The best leaders in U.S. business not only know how to handle bad news, but they actively seek it out-from employees, shareholders, customers, even family. They want to be told the hard, cold (yes, even brutal) facts. Poor leaders not only avoid hearing bad news, but they sometimes blame the deliverer, and 2008 has provided plenty of examples. At Lehman Brothers, for example, CEO Richard Fuld seemingly just couldn’t accept how hopeless his global financial services firm had become. It took a bankruptcy to clear his vision, and by then it was too late.
Leaders who hide from bad news are putting themselves, and their business, on the road to disaster. I’m hoping that in 2009, we will learn from the failure of others and be more anxious to hear the bad news sooner, rather that later.
4. Adversity Can be a Powerful Teacher
Say what you will, halcyon days allow mediocre business to survive. But as we have recently witnessed, sharp downturns reveal and magnify a business’s flaws. Accordingly, while no extrepreneur looks forward to a recessionary economy, the savvy business leader uses this crucial era to sharpen their business approach, and become more resilient to see them through tougher roads ahead.
Looking back on the business failures of the last year, we can see ample evidence of businesses that survived only because times were good.
• The U.S. auto industry has wasted years relying on business models that place low quality, gas-guzzling SUVs as the cornerstone of their future.
• The mortgage banking industry and a global cast of investors placed irrational faith on perennially rising housing values, and credit-bereft homeowners to pay for them. It was all a house of cards—and any truly thinking person should have known it.
The moral of 2008 is simple: Don’t be complacent. Know the risks being taken and how they can be mitigated. Always manage in order to survive the difficult times and the good times will take care of themselves.
5. The Power of Parallel
One of the pivotal thoughts of my books has been the crucial importance of building a business which is in “parallel” with all those it touches: management, line employees, investors, vendors, and customers. But this cardinal rule seems to have been lost by many businesses this past year. And it’s a great lesson for any entrepreneur to learn.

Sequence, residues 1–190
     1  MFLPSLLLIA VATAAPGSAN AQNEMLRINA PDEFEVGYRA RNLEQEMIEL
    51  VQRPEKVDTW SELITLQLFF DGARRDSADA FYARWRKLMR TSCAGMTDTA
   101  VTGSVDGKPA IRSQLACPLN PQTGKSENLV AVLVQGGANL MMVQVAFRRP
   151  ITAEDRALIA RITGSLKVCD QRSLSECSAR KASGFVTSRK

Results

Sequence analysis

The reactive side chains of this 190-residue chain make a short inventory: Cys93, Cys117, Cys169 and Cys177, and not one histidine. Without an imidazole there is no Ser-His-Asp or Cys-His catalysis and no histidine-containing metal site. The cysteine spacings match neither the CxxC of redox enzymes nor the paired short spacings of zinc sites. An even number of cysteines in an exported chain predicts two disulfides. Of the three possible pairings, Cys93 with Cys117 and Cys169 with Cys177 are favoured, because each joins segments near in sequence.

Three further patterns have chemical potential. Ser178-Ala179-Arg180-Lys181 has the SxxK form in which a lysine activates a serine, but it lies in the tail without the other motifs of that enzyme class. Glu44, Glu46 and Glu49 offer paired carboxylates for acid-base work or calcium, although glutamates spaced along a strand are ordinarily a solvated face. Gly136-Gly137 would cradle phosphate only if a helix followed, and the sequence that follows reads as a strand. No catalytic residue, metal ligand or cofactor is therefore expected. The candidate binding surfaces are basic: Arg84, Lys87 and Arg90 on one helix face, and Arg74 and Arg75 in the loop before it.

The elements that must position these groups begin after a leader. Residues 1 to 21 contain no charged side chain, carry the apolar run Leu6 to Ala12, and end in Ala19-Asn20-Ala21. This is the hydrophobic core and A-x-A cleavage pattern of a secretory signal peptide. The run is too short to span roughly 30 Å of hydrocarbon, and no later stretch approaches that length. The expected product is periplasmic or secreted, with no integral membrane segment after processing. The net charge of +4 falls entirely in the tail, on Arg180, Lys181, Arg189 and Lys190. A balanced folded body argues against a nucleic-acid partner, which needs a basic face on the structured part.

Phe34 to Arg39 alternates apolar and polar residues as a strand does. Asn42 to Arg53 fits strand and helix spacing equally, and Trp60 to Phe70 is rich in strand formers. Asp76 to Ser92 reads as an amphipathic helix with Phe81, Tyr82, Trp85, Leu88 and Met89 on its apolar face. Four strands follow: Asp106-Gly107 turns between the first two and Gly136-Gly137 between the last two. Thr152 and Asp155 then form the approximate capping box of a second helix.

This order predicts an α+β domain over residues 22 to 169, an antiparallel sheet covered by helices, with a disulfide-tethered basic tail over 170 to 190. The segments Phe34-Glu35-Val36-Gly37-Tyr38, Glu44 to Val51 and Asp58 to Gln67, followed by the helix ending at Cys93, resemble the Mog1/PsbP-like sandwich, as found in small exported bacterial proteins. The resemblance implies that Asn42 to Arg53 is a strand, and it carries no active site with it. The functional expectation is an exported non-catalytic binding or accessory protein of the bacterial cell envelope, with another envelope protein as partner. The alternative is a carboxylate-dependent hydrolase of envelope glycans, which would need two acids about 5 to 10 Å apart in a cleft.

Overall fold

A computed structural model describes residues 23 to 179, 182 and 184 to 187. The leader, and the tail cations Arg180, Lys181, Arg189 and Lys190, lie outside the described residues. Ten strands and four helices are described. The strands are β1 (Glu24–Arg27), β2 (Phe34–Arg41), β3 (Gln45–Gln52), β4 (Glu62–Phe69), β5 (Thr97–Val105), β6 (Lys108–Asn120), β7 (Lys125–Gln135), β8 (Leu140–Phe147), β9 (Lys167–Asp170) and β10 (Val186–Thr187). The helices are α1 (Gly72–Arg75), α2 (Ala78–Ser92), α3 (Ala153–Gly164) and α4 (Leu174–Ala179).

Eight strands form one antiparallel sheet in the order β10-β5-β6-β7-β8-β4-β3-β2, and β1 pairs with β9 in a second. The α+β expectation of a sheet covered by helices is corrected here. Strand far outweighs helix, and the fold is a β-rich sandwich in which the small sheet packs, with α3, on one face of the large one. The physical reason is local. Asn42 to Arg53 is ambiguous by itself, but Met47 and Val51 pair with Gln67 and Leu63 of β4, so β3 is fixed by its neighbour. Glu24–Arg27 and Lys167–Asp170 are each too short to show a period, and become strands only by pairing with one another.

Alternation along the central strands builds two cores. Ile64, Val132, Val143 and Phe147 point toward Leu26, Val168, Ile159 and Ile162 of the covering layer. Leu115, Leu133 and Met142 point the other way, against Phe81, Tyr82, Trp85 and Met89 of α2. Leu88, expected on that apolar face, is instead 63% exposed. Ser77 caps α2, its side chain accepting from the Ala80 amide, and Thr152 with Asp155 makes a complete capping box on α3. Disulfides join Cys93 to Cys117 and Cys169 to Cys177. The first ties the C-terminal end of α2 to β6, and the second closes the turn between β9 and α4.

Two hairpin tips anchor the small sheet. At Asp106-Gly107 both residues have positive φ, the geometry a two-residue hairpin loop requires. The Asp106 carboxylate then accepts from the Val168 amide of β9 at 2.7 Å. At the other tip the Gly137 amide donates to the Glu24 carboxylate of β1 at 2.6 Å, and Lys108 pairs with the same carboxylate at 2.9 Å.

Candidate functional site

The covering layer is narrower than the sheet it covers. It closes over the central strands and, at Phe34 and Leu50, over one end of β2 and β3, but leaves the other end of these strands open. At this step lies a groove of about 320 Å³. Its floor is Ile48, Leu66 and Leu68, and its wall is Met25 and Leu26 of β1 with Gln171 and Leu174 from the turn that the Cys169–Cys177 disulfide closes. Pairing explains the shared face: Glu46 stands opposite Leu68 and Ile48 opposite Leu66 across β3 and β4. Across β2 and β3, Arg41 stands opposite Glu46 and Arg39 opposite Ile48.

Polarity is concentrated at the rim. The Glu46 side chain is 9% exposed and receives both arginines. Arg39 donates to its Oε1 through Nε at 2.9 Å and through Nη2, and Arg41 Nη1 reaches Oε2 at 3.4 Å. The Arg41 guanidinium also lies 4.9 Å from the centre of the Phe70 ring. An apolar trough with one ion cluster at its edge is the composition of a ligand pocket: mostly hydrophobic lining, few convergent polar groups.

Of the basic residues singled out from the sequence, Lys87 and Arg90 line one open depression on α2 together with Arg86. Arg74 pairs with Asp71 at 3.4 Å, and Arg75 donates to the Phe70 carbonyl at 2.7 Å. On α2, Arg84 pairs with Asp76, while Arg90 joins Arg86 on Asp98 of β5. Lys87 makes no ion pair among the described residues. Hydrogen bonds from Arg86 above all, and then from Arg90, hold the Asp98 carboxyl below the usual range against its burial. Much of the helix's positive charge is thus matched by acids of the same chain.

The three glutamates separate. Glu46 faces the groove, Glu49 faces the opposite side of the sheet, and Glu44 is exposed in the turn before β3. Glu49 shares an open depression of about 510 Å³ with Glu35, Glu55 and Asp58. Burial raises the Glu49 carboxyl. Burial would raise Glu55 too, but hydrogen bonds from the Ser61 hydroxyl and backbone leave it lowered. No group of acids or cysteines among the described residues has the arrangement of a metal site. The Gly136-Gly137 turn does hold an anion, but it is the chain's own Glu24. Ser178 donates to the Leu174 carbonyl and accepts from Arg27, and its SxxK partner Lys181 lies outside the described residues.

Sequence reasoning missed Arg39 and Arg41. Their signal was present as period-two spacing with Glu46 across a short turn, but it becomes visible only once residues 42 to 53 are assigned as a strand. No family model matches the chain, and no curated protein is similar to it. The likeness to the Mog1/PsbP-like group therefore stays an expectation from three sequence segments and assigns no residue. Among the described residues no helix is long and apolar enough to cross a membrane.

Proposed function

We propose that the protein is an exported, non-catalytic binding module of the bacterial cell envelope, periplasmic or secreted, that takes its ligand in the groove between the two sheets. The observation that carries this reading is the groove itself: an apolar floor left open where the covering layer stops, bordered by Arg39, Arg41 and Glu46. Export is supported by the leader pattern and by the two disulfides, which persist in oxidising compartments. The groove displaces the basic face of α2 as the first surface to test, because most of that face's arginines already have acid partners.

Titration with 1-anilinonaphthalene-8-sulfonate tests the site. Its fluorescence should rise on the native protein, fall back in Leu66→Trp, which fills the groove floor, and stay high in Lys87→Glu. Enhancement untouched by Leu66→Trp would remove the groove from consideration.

Were homeowners who got suckered into mortgages that couldn’t afford treated “in parallel”? Certainly not. Nor were executives who paid themselves outrageously huge bonuses in parallel with employees, stockholders and customers.
Rowan Williams, the archbishop of Canterbury, was recently interviewed by the BBC and he questioned many of the assumptions that business leaders and financiers have made over the past two decades. He criticized what he called, the “endless spiral of accumulating wealth, which has nothing much to do with producing anything.” I agree. “What’s in it for me”seem to be the motto of many businesses. And that sad fact is, this kind of selfishness is absolutely self-defeating.
Just remember that interests in conflict destroy, while interests in parallel create!
Hats Off to 2009
There is no queston that 2008 was a bummer. But America is resilient. The next few months are bound to be grim. We can anticipate even higher unemployment, bankruptcies, foreclosures, and uncertainty in our credit and stock markets. But a recognition and rediscovery of the honest entrepreneurial concepts that made American great still work and if implemented will mean better times will return.
The point is that all of us can learn from the past and those of us who do will lead the future. As we enter 2009 it would be good to remember the words of Cicero: “History is indeed the witness of the times, the light of truth.”
Happy New Year.